June Mushrooms of the Month

Welcome to the June installment of Mushrooms of the Month. The warmer weather has finally moved into our region of the States and is unveiling all the beautiful spectrums of color, nature has to offer! Much like the flowers have been blossoming in these past few months, the fungi is starting to do the very same thing now! A rich diversity of colorful species will start to reveal themselves beneath our feet along the trails we walk and trees we will gaze upon–both living and dead. So now is the time to get out in nature and enjoy the rainbow of gorgeous mushrooms that only June may have to offer. Don’t miss it, get out with a friend, family, pet or even plan a mini-foray with us!

Mycena leaiana_WS
Mycena leaiana by Walt Sturgeon

Boletus hortonii_DM
Boletus hortonii by Dan Molter

Sulfur Shelf_HU Laetiporus sulphureus by Hugh Urban

Psathyrella velutina_AMoore
 Lacrymaria velutina by Andrea Moore

Auricularia auricula by Alan McClelland

Microstoma floccosum_DM
Microstoma floccosum by Dan Molter

Amanita velatipes_DM
Amanita sp. by Dan Molter

 Xanthoconium separans_HU
Xanthoconium separans by Hugh Urban

 Rhodotus palmatus
Rhodotus palmatus by Alan McClelland

Ganoderma tsugae_WS
Ganoderma tsugae by Walt Sturgeon

Clavulinopsis aurantiocinnabarina
Clavulinopsis aurantiocinnabarina by Alan McClelland

Hygrocybe miniata
Hygrocybe cantharellus by Alan McClelland

 Marasmius-haematocephala_AMMarasmius sp. by Alan McClelland

Spathularia-velutipes-cclif_AMSpathulariopsis velutipes by Alan McClelland

Austroboletus gracilis_AHMAustroboletus gracilis by Alan McClelland

Megacollybia rodmani_WSMegacollybia rodmani by Walt Sturgeon

Coprinellus micaceus_AMooreCoprinellus micaceus by Andrea Moore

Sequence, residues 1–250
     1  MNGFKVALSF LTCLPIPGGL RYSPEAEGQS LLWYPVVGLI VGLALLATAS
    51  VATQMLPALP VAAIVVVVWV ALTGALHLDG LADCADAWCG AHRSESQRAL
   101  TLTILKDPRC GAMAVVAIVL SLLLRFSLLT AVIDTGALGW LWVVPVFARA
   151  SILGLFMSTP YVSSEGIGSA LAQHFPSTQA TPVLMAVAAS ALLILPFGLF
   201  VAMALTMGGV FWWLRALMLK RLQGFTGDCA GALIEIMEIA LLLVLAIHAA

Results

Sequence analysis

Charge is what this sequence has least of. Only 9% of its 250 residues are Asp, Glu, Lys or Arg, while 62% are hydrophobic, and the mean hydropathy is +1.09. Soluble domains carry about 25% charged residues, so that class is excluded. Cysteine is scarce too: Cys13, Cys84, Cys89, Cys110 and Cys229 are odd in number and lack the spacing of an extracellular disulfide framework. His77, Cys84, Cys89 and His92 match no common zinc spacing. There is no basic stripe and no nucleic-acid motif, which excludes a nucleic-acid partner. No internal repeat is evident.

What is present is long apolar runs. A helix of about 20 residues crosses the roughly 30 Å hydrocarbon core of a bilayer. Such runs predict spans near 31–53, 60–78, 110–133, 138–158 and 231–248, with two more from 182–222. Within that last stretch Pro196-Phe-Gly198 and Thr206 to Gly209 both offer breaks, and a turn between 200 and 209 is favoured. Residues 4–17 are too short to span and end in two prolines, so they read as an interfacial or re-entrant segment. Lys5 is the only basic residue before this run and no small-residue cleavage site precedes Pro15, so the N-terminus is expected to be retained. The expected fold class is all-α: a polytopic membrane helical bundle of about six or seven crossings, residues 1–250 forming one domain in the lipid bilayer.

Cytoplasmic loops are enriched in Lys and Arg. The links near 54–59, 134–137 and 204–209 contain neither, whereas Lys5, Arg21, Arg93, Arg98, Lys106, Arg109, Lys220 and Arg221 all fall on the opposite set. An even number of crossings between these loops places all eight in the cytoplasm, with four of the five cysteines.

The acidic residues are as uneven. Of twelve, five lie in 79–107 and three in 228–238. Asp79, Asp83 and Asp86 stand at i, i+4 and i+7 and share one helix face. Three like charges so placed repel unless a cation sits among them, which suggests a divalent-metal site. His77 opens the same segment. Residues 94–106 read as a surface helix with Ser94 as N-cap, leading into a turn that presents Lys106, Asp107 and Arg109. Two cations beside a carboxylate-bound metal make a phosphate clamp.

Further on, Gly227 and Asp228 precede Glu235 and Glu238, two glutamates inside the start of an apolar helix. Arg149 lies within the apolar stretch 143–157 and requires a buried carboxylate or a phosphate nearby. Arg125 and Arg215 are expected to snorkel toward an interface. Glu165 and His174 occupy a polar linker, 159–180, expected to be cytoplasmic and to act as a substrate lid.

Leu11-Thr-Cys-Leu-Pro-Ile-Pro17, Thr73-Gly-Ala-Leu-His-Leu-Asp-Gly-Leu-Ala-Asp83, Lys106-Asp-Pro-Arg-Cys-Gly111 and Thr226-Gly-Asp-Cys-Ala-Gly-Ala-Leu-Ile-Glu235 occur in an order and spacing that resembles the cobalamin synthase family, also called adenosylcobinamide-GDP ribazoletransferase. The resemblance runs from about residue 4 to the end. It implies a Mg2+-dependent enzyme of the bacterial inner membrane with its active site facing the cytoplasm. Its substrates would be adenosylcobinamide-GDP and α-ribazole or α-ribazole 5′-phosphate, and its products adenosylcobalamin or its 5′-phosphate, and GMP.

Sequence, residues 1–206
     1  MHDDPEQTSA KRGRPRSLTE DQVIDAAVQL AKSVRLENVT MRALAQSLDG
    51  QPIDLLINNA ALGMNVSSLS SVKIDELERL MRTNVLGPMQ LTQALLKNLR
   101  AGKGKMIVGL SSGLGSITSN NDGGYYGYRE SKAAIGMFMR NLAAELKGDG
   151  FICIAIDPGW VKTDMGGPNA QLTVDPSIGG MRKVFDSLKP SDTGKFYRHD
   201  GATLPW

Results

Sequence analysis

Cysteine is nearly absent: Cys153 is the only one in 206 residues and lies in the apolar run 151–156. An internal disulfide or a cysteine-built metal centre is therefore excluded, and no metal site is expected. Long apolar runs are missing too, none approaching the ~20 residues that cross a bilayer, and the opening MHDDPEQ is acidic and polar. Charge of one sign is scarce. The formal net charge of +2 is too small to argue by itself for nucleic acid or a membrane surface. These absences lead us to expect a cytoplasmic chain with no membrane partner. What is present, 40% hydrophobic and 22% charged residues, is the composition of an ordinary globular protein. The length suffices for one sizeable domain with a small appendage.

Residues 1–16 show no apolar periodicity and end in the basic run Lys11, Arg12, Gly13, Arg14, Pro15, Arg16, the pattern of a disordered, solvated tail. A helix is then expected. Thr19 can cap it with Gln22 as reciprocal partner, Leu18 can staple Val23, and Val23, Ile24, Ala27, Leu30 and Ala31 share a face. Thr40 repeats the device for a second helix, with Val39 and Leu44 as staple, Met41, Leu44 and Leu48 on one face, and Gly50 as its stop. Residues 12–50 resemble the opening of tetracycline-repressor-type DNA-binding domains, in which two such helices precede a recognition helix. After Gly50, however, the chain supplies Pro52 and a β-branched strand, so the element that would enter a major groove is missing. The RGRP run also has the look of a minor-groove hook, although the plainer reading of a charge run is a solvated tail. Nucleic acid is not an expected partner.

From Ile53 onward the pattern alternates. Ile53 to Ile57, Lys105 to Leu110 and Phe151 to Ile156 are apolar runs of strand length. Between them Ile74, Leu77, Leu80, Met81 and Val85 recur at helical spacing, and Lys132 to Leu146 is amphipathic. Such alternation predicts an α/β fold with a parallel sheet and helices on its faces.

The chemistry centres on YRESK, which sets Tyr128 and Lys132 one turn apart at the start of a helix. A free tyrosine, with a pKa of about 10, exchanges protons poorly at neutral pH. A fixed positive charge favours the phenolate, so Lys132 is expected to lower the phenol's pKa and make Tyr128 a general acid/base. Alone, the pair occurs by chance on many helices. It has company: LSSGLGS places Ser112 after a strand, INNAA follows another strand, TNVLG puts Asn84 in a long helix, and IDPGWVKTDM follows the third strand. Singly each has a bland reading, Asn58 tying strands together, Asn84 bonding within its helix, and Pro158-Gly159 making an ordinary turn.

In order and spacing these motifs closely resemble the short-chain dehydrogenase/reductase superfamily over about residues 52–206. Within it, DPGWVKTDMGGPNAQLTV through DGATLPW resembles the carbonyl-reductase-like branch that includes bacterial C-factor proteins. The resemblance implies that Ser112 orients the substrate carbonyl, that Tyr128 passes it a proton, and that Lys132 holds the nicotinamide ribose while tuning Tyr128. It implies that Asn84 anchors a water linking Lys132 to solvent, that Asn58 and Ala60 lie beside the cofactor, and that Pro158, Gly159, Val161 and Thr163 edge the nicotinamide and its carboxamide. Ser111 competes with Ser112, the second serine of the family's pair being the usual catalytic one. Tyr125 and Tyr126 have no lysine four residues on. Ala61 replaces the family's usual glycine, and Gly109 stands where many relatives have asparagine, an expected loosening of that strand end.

Amanita pantherina_PRAmanita sp. by Pete Richards

Cantharellus cibarius_HUCantharellus cibarius by Hugh Urban


8 thoughts on “June Mushrooms of the Month

  1. FABULOUS! What a beautiful way to start my morning! Featuring spectacular photographs of the “Mushrooms of the Month” is a significant addition to the Newsletter. Kudos to the person who thought of this idea, the photographers and the editor Alan McClelland. Thank You!

  2. These are fantastic shots, I may have to borrow this idea somehow and incorporate it into our myco club’s newsletters or facebook page! Connecticut Valley Mycological Society

  3. I believe that that may be Laetiporus cincinnatus and not sulphureus, as I thought the former formed the rosette as shown while the latter grows as shelves on the side of trees. Great photos, nonetheless.

  4. Fungi seen June 1 at Swine Creek Reservation in Geauga Co. OH.
    1. Armillaria mellea (rhizomorphs)
    2. Artomyces pyxidatus (Crown Coral)
    3. Entoloma sp.
    4. Fuligo septica (Myxomycete)
    5. Ganoderma applanatum (Artist Conk)
    6. Kretchmaria deusta
    7. Lenzites elegans
    8. Marasmius rotula (Little Wheel)
    9. Megacollybia rodmani (Broad Gill)
    10. Mycena leaiana (Orange Mycena)
    11. Pholiota veris
    12. Pleurotus ostreatus (Oyster Mushroom)
    13. Pluteus cervinus (Deer Mushroom)
    14. Pluteus longistriatus
    15. Polyporus alveolaris
    16. Polyporus squamosus (Dryad’s Saddle)
    17. Polyporus umbellatus
    18. Psathyrella sp.
    19. Schizophyllum commune
    20. Scutellinia scutellata (Eyelash Cup)
    21. Stereum complicatum
    22. Stereum ostrea
    23. Stereum sp.
    24. Trametes versicolor (Turkey Tail)
    25. Trichaptum biforme (Violet Tooth Polypore)
    26. Xeromphalina tenuipes
    27. Xylaria hypoxylon (Candle Snuff Fungus)

  5. Jonathan,
    The photo of the sulphur shelf is most likely Laetiporus sulphureus as you can see the yellow coloration which Laetiporus cincinnatus lacks. Both species can grow shelving or as rosettes.

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